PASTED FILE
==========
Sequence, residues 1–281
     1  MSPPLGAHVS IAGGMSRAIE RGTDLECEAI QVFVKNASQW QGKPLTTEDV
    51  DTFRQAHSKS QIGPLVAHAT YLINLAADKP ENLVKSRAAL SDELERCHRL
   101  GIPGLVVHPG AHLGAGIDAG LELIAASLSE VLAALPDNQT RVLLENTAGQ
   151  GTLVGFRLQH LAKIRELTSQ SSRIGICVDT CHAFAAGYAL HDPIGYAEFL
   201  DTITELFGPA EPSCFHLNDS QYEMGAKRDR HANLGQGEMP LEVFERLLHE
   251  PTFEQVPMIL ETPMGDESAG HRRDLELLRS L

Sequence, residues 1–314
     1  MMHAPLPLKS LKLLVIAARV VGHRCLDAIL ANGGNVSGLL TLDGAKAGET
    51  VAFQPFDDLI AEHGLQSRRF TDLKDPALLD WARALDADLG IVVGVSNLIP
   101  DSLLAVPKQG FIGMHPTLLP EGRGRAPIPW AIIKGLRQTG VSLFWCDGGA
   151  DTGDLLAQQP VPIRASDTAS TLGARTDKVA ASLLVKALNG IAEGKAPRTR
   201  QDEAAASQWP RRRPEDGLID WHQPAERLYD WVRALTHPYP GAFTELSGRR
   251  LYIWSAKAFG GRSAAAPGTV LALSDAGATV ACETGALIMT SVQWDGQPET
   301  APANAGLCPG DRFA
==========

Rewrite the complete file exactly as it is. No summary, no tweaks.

Sequence, residues 1–281
     1  MSPPLGAHVS IAGGMSRAIE RGTDLECEAI QVFVKNASQW QGKPLTTEDV
    51  DTFRQAHSKS QIGPLVAHAT YLINLAADKP ENLVKSRAAL SDELERCHRL
   101  GIPGLVVHPG AHLGAGIDAG LELIAASLSE VLAALPDNQT RVLLENTAGQ
   151  GTLVGFRLQH LAKIRELTSQ SSRIGICVDT CHAFAAGYAL HDPIGYAEFL
   201  DTITELFGPA EPSCFHLNDS QYEMGAKRDR HANLGQGEMP LEVFERLLHE
   251  PTFEQVPMIL ETPMGDESAG HRRDLELLRS L

Sequence, residues 1–314
     1  MMHAPLPLKS LKLLVIAARV VGHRCLDAIL ANGGNVSGLL TLDGAKAGET
    51  VAFQPFDDLI AEHGLQSRRF TDLKDPALLD WARALDADLG IVVGVSNLIP
   101  DSLLAVPKQG FIGMHPTLLP EGRGRAPIPW AIIKGLRQTG VSLFWCDGGA
   151  DTGDLLAQQP VPIRASDTAS TLGARTDKVA ASLLVKALNG IAEGKAPRTR
   201  QDEAAASQWP RRRPEDGLID WHQPAERLYD WVRALTHPYP GAFTELSGRR
   251  LYIWSAKAFG GRSAAAPGTV LALSDAGATV ACETGALIMT SVQWDGQPET
   301  APANAGLCPG DRFA